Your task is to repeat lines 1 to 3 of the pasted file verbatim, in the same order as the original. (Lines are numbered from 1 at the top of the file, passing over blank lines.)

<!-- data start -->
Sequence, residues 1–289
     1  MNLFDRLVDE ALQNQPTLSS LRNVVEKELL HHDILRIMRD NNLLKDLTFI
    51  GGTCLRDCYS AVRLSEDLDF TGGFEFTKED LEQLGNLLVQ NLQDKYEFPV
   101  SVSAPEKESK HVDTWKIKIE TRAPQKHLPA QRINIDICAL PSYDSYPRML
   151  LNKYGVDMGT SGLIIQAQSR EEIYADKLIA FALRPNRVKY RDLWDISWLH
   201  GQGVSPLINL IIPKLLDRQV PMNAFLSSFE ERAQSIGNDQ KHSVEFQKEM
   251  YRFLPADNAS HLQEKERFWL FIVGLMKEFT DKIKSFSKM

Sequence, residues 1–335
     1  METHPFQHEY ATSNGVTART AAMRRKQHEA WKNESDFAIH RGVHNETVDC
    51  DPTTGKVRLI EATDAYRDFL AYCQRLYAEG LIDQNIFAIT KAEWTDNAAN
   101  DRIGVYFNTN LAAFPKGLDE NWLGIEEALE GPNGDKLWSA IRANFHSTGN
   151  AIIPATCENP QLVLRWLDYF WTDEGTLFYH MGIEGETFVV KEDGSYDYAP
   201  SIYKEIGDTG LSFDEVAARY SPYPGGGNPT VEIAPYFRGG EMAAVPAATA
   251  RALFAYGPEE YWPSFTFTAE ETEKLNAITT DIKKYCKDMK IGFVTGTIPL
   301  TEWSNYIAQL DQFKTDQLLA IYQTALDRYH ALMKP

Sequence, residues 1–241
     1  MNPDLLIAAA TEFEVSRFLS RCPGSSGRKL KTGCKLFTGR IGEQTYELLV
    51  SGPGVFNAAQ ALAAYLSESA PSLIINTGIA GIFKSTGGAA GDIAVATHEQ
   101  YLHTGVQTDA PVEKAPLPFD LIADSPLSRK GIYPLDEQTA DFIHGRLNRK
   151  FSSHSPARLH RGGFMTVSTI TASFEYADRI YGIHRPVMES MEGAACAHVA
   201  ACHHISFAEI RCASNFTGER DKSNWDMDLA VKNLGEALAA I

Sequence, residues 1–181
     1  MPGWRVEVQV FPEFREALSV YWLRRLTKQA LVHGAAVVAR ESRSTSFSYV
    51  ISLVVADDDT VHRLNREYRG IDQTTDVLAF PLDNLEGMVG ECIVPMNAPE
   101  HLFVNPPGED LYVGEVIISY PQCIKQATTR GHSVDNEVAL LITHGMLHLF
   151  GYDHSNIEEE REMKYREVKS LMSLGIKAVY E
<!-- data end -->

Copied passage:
Sequence, residues 1–289
     1  MNLFDRLVDE ALQNQPTLSS LRNVVEKELL HHDILRIMRD NNLLKDLTFI
    51  GGTCLRDCYS AVRLSEDLDF TGGFEFTKED LEQLGNLLVQ NLQDKYEFPV